Creature Offers Clues on Amphibian Evolution

05:46 March 25, 2024

Creature Offers Clues on Amphibian Evolution

Scientists recently studied the fossil of a creature that lived in what is now the U.S. state of Texas about 270 million years ago. They named it Kermitops gratus in honor of Kermit the Frog from the children’s television program The Muppets.

The fossil belongs to a group of animals that are thought to have given rise to modern-day frogs, salamanders, and limbless caecilians. Those animals, called amphibians, are creatures that can live both on land and in water.

And the study offers details into the history of how amphibians have evolved.

Only the head, or skull, was discovered. It measured around three centimeters long. Researchers think the amphibian-like creature had a wide body that was around 15-18 centimeters long.

Amphibians are one of the four groups of living vertebrates on land. The others are reptiles, birds, and mammals. Special details, or features, on the Kermitops skull are providing researchers with more information about the history of amphibians.

Calvin So is a George Washington University doctoral student. And he is the lead writer of the study recently released in the publication Zoological Journal of the Linnean Society.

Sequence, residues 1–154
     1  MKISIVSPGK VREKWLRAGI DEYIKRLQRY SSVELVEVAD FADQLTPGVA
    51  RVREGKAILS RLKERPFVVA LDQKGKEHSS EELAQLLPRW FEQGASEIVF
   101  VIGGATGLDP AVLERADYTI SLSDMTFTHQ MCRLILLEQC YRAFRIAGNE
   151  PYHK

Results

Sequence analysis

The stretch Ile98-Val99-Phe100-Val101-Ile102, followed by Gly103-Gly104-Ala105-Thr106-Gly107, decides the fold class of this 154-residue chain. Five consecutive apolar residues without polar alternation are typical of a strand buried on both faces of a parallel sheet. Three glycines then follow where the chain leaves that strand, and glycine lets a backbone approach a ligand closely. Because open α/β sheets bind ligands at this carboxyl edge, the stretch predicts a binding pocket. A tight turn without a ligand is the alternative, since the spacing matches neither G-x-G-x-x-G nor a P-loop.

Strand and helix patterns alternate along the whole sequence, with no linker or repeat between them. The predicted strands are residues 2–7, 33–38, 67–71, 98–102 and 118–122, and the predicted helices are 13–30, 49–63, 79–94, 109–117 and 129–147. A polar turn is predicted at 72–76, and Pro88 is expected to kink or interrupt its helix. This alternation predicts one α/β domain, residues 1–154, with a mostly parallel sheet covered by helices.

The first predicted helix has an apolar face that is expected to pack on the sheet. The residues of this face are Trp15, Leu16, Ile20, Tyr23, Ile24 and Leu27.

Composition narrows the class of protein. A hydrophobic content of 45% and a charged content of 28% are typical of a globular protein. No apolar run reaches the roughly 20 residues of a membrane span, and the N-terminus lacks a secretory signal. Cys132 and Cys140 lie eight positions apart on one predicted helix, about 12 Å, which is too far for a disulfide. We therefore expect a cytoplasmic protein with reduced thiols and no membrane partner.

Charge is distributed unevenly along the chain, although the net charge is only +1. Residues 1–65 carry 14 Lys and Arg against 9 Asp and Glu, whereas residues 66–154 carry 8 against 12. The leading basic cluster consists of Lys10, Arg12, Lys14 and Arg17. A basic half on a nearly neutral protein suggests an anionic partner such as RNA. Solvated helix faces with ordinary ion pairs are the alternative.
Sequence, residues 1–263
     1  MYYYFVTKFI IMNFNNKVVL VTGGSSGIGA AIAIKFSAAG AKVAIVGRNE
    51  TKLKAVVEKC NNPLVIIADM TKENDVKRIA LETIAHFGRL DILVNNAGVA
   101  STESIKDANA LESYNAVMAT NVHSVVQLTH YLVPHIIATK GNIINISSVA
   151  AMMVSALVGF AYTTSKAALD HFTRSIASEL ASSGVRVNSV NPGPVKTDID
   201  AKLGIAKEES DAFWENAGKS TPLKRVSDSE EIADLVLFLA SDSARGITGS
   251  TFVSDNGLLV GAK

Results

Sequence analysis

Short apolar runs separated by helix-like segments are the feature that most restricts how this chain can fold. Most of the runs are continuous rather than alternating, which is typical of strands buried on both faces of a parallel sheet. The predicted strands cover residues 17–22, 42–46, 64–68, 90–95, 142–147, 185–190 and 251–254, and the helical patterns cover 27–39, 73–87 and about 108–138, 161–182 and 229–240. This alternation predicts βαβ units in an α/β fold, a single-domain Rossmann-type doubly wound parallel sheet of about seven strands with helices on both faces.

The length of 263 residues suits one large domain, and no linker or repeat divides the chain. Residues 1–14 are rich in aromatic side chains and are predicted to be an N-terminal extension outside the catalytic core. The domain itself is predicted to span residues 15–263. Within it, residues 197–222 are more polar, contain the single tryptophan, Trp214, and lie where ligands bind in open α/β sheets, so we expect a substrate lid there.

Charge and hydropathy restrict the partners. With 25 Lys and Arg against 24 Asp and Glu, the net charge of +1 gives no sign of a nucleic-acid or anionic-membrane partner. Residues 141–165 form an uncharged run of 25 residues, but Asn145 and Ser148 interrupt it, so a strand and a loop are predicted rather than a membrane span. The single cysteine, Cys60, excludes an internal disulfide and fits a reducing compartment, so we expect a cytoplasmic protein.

So said Kermitops helps researchers understand the early history of amphibians by showing there is not a clear history “of step by step becoming more like the modern amphibian.”

The fossil was collected in 1984 near Lake Kemp in Texas. It was kept in the large collection of the Smithsonian Institution’s National Museum of Natural History in Washington, D.C. But it was not fully studied until recently.

Kermitops had facial features that were similar to frogs and salamanders. But it had palpebral bones or eyelid bones, that are not found in modern amphibians.

So said, "The length of the skull in front of the eyes is longer than the length of the skull behind the eyes, which differs from the other fossil amphibians living at the same time.” He added that it might have enabled Kermitops to close its mouth faster than others to capture insects as food.

So added, “We really thought it looked like Kermit the Frog.” That led researchers to name it Kermitops, meaning “Kermit face.”

Kermitops lived about 20 million years before the worst mass die-off, or extinction, in Earth’s history. And it appeared about 40 million years before the first dinosaurs. It lived alongside other members that formed the amphibian group.

The environment in which Kermitops lived appears to have changed back and forth between warm and wet seasons and hot and dry seasons.

So said, "This environment would be similar to modern-day monsoons that take place in the Southwest U.S. and Southeast Asia.”

The fossil record of early amphibians and their ancestors is not complete. That makes it difficult to understand the beginnings of modern amphibians.

Arjan Mann of the National Museum of Natural History helped write the study. He said Kermitops shows the importance “of continuing to add new fossil data to understanding this evolutionary problem.”

I’m Gena Bennett.

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